Famous Chef in the News. Part 2

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Mark and Jill talk about what’s making headlines in Vancouver newspapers. They also discuss a couple of vocabulary questions from LingQ members.

Mark: Anyway, that’s what’s interesting to me.

Jill: See, there you go, different perspectives.

Mark: Not that I don’t like good food though, so maybe I should go to that restaurant.

Jill: But, you know, you certainly don’t have to pay three or four hundred dollars to have a good meal.

There are lots of great restaurants around.

Vancouver has so many amazing restaurants.

Mark: For sure and if you’re going to a place like that you’re going to hobnob and to be seen.

Jill: Well and it’s a whole experience.

Mark: Absolutely.

Jill: It’s a two-three hour experience; service is amazing.

It’s not the same as the service you get at other restaurants.

It is very professional and the servers are all French, really French, so they speak with that accent.

Not that that matters, but people seem to…

Mark: Sure it does.

Jill: It’s more authentic and yeah, so it’s an experience, but again, it’s something that maybe most people would do once every year or two or three.

Mark: Right. I mean if you had a waiter there who was French but spoke with no accent he wouldn’t get the job.

Jill: Yeah, that’s right.

Mark: Or he’d have to fake it.

Jill: Very true.

Mark: Anyway, it’s interesting that it’s a hot topic and it’s kind of nice that it’s kind of a different news topic as opposed to…

Jill: …politics…

Mark: …or drive-by shootings or whatever else is happening.

Jill: Yeah, right.

Mark: So, it’s kind of refreshing to see something like that on the front page I guess.

Otherwise, I think you’ve picked out a few questions from the forum, as usual.

Jill: Yeah, there’s not many. We really haven’t had much action on the forum in the last few days.

I would encourage people to use it more.

Ask questions, go to the EnglishLingQ Forum; anybody can post there.

You can be a free member and post there and tell us what you’d like us to talk about.

You know, we’re doing this for you.

Mark: You must have questions about English; let us know.

Maybe we’ll lead off from there.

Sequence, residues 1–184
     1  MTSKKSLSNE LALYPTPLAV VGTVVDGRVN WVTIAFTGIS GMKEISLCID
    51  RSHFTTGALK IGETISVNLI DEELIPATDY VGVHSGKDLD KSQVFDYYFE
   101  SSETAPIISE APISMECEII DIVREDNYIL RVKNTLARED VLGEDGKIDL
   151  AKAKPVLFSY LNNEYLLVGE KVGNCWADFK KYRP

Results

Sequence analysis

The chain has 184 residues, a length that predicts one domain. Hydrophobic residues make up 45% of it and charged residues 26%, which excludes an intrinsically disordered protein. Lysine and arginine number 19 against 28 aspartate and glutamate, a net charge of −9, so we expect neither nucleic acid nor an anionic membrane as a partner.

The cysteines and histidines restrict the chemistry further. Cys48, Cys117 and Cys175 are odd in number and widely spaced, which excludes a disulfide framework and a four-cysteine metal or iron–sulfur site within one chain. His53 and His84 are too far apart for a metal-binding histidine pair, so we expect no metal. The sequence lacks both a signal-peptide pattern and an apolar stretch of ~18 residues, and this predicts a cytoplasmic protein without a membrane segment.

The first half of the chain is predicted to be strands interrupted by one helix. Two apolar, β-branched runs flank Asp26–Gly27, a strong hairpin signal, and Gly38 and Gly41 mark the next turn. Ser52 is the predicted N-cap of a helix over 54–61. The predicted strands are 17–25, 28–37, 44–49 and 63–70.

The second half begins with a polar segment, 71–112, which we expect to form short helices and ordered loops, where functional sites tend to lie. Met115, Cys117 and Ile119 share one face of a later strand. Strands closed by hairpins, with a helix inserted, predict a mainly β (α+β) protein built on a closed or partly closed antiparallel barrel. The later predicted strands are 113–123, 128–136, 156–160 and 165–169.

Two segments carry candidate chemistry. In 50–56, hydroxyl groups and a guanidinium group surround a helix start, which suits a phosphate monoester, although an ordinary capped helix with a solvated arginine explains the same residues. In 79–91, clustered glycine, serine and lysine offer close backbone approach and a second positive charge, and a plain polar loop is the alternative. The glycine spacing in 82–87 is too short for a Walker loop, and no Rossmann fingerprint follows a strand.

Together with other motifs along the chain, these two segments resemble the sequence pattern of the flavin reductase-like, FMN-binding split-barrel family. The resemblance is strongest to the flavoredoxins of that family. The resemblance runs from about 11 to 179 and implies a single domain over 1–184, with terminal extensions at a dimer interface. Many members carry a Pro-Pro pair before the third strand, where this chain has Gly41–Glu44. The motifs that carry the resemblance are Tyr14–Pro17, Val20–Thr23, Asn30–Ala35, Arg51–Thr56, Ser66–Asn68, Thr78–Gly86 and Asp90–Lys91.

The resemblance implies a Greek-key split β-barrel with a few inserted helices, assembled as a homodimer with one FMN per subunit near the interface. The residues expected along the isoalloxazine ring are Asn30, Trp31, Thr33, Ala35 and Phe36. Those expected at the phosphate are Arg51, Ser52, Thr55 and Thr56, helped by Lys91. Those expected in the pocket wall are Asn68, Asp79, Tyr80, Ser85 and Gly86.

We’ve got…I don’t know who wrote these, do you remember?

Jill: No, actually, I don’t remember.

I don’t remember, but one sentence was or one word that this person had a problem with was the word “where” in the sentence that says “I feel it is a little strange that there”…oh, I’m sorry, that’s what she wrote.

In the sentence “It’s getting to the point now where I kind of want my weekends to do other things and to have my own time”, so “getting to the point where”, she didn’t understand why the word “where” was used.

Mark: Right. Why you didn’t say “it’s getting to the point…” It doesn’t make sense if you don’t have a word there.

Jill: Yeah, you have to have something there and she just doesn’t understand why it’s “where”.

I think the best piece of advice is that she needs to just learn that’s how we say it.

That’s a phrase “the point where”, “the point…”

Mark: Exactly.

A lot of the time, I mean, to ask why things are said a certain way…that’s part of our methodology here at LingQ or our belief or our, I don’t want to say instructions, but our way of thinking is that just learn, just listen, be observant of how people say things and understand that when that’s said it means this and try and repeat that phrasing when you’re trying to get across that same concept.

To continuously ask why something is said a certain way is actually counterproductive because it really doesn’t matter and most of the time there isn’t a reason.

In this particular case, there really is not a reason why we say “the point where” other than, okay, maybe the point is some kind of location-related word, so “where” suggests location, so “the point where”, but really all of that doesn’t matter; what matters is this is how we say it.